Black community celebrates the legacy of educator and activist Jitu Weusi
NAYABA ARINDE Amsterdam News Editor | 6/14/2013, 1:40 p.m.
How did the Black grassroots Nationalist Movement come out to honor Jitu Weusi? With abundance.
At a series of events for what activist and professor Sam Anderson called "one of our 1960s Renaissance Men," friends and supporters came from all over the tristate and as far as Philly.
"Educator, activist, Brother, Baba, friend, comrade and giant--made his transition into Eternal Life, joining his ancestors," said the family, adding, "Come out to honor, celebrate, and remember him!"
Weusi, formerly known as Leslie R. Campbell, was known to be a lover of three big things: his community (Diaspora), community control of focused education and, of course, jazz. The educator, activist, community leader, jazz lover, husband and father has gone, leaving a huge hole that only his tremendous frame could fill. Luckily, between all his work, the creation of the cultural phenomenon the East, and Uhuru Sasa, Weusi has left many disciples up and through Brooklyn and beyond.
First, there was the "sitting" at Weusi's beautiful For My Sweet jazz and cultural spot in Bed-Stuy, then this past weekend, the celebration continued. On Saturday, June 1, hundreds of friends, supporters and admirers joined the family at the historic Boys and Girls High School to honor the man also known as the "Gentle Giant."
On Monday, June 3, there was a formal viewing at Brown Memorial Church, which turned into a grand reunion of good, old friends. The funeral at the same church was another grand tribute to the man. Folks spotted each other across pews and made sophisticated dashes to give affectionate embraces. African garb (native dress) was largely the order of the day. It was all very beautiful.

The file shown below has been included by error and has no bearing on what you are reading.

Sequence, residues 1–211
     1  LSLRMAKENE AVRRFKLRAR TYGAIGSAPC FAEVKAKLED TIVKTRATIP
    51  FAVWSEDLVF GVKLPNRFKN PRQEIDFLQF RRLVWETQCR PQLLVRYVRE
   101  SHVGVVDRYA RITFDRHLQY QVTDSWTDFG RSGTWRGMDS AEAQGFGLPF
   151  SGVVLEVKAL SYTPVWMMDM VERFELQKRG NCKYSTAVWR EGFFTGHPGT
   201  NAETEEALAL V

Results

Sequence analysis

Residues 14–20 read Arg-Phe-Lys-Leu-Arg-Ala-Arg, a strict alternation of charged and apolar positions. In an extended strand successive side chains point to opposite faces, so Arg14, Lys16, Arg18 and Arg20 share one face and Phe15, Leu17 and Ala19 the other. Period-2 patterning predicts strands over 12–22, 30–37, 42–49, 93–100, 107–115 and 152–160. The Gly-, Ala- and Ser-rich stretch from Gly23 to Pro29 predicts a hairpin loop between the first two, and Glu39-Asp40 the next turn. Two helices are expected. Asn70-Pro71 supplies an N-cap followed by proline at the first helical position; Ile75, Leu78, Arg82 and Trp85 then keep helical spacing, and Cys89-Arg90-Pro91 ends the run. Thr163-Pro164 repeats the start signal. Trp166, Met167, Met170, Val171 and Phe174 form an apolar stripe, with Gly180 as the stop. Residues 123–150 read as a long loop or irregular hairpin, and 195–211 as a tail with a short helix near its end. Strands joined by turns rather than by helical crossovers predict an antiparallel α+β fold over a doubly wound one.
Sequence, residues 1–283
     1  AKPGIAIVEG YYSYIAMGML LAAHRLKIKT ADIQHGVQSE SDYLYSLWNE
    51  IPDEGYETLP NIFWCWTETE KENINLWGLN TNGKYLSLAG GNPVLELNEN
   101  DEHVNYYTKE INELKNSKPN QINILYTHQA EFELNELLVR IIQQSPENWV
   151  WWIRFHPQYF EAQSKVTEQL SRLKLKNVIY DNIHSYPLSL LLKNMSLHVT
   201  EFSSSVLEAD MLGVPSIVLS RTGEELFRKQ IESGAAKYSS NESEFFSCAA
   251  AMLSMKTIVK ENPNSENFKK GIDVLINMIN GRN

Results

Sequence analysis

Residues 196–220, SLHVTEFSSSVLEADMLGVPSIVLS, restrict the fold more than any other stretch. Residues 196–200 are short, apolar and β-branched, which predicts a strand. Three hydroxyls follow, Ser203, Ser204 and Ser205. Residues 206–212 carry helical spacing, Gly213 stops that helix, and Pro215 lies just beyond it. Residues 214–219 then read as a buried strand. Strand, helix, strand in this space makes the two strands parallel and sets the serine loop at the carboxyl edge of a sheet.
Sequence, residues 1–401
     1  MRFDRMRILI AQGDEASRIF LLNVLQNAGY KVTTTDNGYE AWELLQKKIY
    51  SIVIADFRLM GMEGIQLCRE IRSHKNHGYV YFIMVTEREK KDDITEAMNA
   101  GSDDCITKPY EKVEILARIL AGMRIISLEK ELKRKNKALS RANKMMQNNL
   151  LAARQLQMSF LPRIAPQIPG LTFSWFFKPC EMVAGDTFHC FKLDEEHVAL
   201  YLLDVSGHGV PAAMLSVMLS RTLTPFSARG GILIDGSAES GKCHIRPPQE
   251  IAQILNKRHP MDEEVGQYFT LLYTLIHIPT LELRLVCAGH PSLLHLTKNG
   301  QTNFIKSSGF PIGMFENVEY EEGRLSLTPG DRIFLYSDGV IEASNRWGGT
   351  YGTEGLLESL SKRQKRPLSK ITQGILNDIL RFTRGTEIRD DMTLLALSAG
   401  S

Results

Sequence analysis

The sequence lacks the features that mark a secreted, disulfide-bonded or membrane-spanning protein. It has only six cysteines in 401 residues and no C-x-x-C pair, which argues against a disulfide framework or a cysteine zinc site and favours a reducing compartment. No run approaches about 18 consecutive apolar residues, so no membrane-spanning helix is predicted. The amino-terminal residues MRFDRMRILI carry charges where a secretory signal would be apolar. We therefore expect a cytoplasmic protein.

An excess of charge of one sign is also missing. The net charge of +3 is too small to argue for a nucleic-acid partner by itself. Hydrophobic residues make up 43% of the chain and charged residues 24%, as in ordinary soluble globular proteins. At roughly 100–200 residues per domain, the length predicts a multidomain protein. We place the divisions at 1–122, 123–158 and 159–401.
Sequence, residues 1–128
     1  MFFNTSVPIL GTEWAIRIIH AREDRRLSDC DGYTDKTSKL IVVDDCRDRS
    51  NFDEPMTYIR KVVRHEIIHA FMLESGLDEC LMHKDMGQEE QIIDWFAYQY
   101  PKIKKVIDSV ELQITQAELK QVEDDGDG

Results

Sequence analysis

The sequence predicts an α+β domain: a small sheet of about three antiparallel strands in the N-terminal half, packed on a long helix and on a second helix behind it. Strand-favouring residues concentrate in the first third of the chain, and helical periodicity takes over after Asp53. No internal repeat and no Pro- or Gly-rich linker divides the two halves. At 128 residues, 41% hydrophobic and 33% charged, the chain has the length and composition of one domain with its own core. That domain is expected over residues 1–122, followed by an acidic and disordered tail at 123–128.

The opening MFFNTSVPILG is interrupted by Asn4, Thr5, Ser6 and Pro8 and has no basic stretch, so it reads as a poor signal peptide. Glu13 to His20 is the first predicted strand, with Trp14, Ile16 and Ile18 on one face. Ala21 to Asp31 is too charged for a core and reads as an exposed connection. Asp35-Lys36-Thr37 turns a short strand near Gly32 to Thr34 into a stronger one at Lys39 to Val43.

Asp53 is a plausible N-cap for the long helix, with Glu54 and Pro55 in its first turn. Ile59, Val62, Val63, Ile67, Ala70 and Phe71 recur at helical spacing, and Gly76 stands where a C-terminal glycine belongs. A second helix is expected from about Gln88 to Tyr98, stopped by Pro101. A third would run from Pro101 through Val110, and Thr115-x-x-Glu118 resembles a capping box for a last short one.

As he did at the Weusi tribute at Boys and Girls High School, the Rev. Herbert Daughtry spoke passionately about the man. Among the other attendees were Councilman Charles and Assemblywoman Inez Barron, Councilwoman Leticia James, state Sen. Bill Perkins, Comptroller John Liu, Randy Weston, Pharoah Sanders--who performed beautifully at both the church and the festival--and actor-activist Ralph Carter, who got the whole church engaged in a song about continuing the fight.
Many messages were sent and read by Adeyemi Bandele of Men on the Move. Nation of Islam leader Minister Louis Farrakhan sent a message through Minister Abdul Hafeez Muhammad, head of Mosque No. 7 in Harlem.
After the intermission, the family returned to continue with a "Celebration ... East Style" at the renowned Claver Place. Despite a downpour, people stood in the rain for an African Jazz Street Festival, followed by the return of the "Jazzy Monday" jazz series.
With his towering 6-foot-7 frame, Weusi would glide into a room and command it. His quiet disposition could transform him into a sage of a man who would debate the subtle nuances of anything political, educational or cultural--but don't get him started on jazz. His Central Brooklyn Jazz Consortium was the soundtrack to this political warrior's life.
The "giant of a man" was born and raised in Brooklyn. Weusi left a tremendous legacy as an outstanding career educator, starting at the New York City Department of Education (DOE) in September of 1962, then co-founding the African-American Teachers Association.